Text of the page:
The Edge of Meaning

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University of Chicago Press, 2003 - 301 sider
Certain questions are basic to the human condition: how we imagine the world, and ourselves and others within it; how we confront the constraints of language and the limits of our own minds; and how we use imagination to give meaning to past experiences and to shape future ones. These are the questions James Boyd White addresses in The Edge of Meaning, exploring each through its application to great works of Western culture—Huckleberry Finn, the Odyssey, and the paintings of Vermeer among them. In doing so, White creates a deeply moving and insightful book and presents an inspiring conception of mind, language, and the essence of living.

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The edge of meaning

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While this study makes for interesting reading, it is in one sense a disappointment. White's writing is fluid and engaging, yet he doesn't bring into clear focus exactly what he is trying to ... Les hele vurderingen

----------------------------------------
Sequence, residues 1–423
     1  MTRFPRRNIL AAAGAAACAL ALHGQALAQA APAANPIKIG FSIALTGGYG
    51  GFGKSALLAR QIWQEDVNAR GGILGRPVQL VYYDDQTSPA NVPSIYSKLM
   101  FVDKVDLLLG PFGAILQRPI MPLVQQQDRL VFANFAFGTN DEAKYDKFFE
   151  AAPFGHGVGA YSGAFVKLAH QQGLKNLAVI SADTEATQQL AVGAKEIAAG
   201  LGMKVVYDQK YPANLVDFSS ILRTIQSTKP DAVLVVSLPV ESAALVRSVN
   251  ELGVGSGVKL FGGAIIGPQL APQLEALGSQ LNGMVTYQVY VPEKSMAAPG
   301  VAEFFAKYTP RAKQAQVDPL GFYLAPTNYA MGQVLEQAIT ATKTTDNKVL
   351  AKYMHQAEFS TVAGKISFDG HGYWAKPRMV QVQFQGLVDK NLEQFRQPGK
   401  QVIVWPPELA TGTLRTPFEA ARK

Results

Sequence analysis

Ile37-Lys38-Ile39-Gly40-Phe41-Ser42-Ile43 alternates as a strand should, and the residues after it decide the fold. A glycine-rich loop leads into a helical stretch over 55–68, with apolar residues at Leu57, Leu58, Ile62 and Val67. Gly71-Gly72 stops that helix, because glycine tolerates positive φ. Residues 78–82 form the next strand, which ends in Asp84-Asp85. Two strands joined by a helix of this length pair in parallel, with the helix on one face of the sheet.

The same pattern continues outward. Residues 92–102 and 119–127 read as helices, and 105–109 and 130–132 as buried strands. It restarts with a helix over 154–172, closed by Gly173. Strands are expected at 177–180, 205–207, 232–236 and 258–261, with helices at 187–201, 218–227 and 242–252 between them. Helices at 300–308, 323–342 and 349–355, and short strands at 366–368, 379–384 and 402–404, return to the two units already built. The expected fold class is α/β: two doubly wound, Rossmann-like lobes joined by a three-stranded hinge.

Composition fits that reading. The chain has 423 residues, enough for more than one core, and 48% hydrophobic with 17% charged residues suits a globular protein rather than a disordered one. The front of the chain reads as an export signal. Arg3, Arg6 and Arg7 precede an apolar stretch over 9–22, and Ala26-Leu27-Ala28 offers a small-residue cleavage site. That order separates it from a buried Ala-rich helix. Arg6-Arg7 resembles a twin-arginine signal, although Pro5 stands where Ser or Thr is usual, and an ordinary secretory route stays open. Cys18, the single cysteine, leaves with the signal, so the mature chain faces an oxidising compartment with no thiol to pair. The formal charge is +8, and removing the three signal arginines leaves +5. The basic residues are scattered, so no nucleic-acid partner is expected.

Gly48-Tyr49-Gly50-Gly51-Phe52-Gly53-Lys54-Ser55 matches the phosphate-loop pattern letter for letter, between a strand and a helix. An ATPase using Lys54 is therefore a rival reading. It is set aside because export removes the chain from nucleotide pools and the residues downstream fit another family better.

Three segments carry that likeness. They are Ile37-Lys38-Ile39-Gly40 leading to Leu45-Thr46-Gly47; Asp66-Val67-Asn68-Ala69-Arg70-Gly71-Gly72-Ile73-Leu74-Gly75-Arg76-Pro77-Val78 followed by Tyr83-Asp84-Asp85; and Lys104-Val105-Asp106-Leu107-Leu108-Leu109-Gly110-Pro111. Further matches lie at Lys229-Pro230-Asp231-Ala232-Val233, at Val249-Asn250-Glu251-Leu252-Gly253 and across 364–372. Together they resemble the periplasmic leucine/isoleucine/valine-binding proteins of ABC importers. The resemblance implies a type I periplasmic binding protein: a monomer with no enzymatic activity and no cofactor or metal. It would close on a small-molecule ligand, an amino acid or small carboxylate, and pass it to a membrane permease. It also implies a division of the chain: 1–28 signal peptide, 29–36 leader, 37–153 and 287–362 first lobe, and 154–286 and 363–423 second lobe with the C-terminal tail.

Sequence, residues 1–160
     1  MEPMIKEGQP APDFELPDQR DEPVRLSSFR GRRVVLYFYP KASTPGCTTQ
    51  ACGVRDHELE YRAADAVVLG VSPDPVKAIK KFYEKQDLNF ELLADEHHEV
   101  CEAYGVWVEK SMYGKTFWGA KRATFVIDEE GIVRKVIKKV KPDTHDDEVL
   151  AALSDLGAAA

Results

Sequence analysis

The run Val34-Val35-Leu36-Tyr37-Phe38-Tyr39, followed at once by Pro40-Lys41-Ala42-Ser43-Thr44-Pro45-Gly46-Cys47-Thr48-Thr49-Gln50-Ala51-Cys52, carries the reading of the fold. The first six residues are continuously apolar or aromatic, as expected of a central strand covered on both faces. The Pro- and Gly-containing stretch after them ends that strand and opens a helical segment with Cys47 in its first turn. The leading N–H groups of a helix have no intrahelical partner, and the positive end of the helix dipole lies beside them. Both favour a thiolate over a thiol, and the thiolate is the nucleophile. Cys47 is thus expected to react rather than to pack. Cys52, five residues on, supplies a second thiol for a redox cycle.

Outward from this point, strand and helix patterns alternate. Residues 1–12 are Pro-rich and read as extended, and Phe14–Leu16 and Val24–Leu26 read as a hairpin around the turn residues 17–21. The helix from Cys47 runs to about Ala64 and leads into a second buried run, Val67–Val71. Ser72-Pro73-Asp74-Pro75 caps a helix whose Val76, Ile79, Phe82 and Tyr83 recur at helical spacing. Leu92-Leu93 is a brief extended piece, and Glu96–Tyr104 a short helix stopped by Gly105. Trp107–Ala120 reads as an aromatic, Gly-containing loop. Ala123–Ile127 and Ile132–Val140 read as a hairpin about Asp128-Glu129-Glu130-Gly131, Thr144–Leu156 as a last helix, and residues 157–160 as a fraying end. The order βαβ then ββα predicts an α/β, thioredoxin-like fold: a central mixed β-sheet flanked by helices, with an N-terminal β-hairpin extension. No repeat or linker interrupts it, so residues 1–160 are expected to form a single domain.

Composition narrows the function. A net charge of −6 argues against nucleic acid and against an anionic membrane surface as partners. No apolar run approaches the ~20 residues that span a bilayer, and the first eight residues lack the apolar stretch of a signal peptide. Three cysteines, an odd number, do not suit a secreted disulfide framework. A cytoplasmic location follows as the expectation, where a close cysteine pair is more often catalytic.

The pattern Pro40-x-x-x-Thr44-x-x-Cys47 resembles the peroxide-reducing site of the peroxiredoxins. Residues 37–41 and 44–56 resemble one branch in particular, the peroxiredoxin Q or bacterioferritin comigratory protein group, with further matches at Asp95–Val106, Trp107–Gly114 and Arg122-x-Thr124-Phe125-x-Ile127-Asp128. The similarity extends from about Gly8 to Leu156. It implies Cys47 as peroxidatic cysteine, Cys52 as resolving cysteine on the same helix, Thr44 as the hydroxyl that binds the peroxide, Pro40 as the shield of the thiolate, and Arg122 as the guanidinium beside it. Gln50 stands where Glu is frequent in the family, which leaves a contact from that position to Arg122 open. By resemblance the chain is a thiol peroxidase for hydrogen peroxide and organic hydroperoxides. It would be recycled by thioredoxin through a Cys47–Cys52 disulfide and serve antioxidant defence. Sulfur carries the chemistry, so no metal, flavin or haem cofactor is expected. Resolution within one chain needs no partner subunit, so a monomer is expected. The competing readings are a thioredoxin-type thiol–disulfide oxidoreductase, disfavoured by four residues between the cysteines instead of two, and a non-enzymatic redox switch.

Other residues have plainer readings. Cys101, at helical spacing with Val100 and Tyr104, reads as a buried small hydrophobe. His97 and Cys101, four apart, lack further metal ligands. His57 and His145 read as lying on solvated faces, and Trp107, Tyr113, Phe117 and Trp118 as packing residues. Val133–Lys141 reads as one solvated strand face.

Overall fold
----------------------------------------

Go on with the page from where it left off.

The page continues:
Innhold

IV
13
V
28
VI
50
VII
67
VIII
69
IX
104
X
132
XI
187
XII
189
XIII
221
XIV
257
XV
289
XVI
291
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Side 2 - The Sick Rose O rose, thou art sick; The invisible worm That flies in the night, In the howling storm, Has found out thy bed Of crimson joy, And his dark secret love Does thy life destroy.

Om forfatteren (2003)

James Boyd White is the Hart Wright Professor of Law, professor of English and adjunct professor of classical studies at the University of Michigan. His many books include The Legal Imagination, When Words Lose Their Meaning, and Acts of Hope, all published by the University of Chicago Press.

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